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Long-Term Survival in Repaired TOF is Excellent

By HospiMedica International staff writers
Posted on 14 Jan 2019
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Image: A new study shows Tetralogy of Fallot (TOF) repair has good long-term results (Photo courtesy of MedMovie).
Image: A new study shows Tetralogy of Fallot (TOF) repair has good long-term results (Photo courtesy of MedMovie).
A new study shows that the 25-year survival rate of surgical tetralogy of Fallot (TOF) patients is primarily influenced by the coexistence of an associated genetic condition.

Researchers at Emory University (Atlanta, GA, USA), the University of Minnesota (UMN; Minneapolis, USA), and other institutions conducted a retrospective cohort study involving 3,283 patients (56.4% men) enrolled in the Pediatric Cardiac Care Consortium (PCCC) between 1982 and 2003 and whom survived surgical repair of simple TOF. Main outcomes and measures were transplant-free survival during the early (less than six years) and late phase following surgical repair, adjusted for era and patient characteristics.

The results revealed that one-year survival rate following TOF repair was 98.6%, decreasing to 97.8% at five years; 97.1% at 10 years; 95.5% at 20 years; and 94.5% at 25 years, with an early steep mortality hazard increase peaking shortly after repair, followed by a late, gradual hazard increase. Increased mortality risks were found in non-valve-sparing operations and staged repair. Genetic abnormalities were associated with increased mortality risk in both early and late post-surgical phases. The study was published on December 19, 2018, in JAMA Cardiology.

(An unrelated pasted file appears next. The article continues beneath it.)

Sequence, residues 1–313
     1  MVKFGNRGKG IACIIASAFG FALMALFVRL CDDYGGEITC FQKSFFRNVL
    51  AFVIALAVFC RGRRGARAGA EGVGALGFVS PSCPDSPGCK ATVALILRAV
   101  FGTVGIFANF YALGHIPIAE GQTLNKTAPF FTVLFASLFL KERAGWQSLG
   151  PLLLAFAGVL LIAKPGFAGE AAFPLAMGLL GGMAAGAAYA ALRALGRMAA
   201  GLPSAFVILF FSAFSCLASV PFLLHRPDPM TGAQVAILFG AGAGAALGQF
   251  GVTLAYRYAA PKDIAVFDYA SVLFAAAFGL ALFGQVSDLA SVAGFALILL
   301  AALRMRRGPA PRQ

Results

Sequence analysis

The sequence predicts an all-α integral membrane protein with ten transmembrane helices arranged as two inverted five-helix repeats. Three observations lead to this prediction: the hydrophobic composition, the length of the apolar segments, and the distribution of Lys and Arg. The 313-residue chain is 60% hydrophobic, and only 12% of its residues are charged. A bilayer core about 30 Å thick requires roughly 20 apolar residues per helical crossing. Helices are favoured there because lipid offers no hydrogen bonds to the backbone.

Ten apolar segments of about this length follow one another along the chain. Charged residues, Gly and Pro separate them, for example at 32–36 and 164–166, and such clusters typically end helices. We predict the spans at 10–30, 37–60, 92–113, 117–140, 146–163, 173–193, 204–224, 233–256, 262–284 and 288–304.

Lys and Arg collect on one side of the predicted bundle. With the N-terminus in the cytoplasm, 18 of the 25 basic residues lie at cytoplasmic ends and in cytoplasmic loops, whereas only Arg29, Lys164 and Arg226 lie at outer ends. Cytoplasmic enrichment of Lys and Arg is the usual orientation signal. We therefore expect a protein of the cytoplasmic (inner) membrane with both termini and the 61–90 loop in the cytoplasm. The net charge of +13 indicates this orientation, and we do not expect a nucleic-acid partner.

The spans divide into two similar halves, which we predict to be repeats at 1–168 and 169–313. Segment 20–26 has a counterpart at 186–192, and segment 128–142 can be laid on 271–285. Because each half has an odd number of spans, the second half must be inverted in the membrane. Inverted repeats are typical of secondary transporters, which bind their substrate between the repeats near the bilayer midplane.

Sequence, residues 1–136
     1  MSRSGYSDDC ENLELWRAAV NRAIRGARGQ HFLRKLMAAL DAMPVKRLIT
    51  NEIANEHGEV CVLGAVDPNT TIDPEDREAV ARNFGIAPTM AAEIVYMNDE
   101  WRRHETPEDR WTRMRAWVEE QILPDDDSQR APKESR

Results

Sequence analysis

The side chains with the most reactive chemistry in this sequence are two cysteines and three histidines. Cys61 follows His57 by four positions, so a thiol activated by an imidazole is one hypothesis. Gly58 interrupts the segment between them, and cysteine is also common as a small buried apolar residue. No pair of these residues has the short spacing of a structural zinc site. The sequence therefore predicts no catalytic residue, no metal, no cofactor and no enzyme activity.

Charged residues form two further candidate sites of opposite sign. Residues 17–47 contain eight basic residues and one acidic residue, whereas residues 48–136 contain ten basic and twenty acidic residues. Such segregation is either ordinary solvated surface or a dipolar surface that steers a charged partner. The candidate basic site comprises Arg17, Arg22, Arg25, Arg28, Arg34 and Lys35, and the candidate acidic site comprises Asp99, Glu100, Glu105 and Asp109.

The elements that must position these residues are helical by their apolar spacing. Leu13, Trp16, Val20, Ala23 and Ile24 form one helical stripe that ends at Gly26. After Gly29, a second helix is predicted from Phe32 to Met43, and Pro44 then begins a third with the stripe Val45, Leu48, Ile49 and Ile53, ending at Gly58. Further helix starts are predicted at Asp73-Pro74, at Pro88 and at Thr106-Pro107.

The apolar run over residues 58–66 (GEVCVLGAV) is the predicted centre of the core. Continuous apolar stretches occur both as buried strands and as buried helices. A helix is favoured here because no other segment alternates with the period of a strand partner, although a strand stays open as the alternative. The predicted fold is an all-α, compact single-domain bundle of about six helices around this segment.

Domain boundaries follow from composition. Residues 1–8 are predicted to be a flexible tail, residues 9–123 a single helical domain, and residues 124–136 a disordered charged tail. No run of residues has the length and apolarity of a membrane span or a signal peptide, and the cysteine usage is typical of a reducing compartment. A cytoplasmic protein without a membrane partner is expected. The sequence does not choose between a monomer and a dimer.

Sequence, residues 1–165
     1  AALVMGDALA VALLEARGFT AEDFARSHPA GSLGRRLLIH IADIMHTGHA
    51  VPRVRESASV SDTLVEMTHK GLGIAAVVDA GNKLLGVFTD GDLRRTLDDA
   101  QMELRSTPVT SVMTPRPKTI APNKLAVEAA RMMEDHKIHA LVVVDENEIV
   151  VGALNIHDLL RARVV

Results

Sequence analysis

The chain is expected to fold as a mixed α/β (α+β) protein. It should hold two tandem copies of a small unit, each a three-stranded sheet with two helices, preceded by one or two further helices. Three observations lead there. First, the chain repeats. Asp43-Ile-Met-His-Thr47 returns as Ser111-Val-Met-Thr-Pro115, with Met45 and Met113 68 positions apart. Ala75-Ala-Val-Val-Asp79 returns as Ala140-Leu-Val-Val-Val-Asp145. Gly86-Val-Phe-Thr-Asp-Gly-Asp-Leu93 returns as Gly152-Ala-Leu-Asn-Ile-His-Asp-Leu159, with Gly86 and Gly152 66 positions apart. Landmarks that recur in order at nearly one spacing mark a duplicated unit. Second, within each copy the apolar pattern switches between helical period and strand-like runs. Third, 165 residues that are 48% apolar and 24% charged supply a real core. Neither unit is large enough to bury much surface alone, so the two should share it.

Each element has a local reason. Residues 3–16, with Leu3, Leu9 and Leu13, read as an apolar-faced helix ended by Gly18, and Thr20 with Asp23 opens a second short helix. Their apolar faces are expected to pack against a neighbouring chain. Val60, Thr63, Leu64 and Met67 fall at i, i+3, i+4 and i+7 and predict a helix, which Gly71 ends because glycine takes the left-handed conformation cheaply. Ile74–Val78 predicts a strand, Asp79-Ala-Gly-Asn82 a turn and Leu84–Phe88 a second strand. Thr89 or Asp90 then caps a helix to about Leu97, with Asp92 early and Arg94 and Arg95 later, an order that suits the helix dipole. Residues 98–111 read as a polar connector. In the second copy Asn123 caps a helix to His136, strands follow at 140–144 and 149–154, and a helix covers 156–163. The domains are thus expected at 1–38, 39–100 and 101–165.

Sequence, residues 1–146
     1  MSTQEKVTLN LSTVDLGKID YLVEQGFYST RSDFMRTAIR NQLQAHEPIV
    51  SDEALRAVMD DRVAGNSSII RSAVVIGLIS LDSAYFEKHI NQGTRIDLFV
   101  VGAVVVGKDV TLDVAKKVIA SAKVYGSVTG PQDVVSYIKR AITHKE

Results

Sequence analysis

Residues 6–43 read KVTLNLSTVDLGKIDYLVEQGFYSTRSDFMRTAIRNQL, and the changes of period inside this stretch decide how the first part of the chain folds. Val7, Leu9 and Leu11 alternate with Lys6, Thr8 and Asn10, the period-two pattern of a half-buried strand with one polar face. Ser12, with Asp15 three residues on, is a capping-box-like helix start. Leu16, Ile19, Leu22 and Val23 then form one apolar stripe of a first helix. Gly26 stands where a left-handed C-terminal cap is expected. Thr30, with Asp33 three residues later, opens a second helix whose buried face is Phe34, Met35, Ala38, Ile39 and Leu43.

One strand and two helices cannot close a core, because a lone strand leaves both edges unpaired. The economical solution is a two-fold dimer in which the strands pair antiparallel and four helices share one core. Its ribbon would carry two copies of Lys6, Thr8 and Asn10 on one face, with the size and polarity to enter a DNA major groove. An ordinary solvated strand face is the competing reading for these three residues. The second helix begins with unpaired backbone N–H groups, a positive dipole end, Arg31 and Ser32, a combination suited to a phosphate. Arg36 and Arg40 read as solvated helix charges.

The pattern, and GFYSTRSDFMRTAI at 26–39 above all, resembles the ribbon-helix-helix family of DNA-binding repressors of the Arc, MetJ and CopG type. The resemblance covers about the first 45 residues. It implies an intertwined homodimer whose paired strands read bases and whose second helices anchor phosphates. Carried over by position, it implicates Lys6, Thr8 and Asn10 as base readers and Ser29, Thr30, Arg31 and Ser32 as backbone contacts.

“Long-term transplant-free survival beyond the first six years is influenced primarily by the coexistence of an associated genetic condition. Within the 25-year follow-up period, most deaths were associated with the underlying diagnosis of TOF and mediated by arrhythmias and congestive heart failure,” concluded lead author Clayton Smith, MD, of Emory University, and colleagues. “Staged repair and non–valve-sparing operations were negatively associated with survival in the early post-repair phase. These data are important for patients with repaired TOF and their caretakers, and may guide surgical strategies for optimizing the long-term outcomes of this population.”

TOF is a cyanotic congenital heart disease characterized by four main findings; pulmonary stenosis, a narrowing of the exit from the right ventricle; a ventricular septal defect; right ventricular hypertrophy; and an overriding aorta, which allows blood from both ventricles to enter the aorta. Symptoms include episodes of bluish color to the skin. Other symptoms may include a heart murmur, finger clubbing, and easy tiring upon breastfeeding. The cause is typically not known.

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Emory University
University of Minnesota

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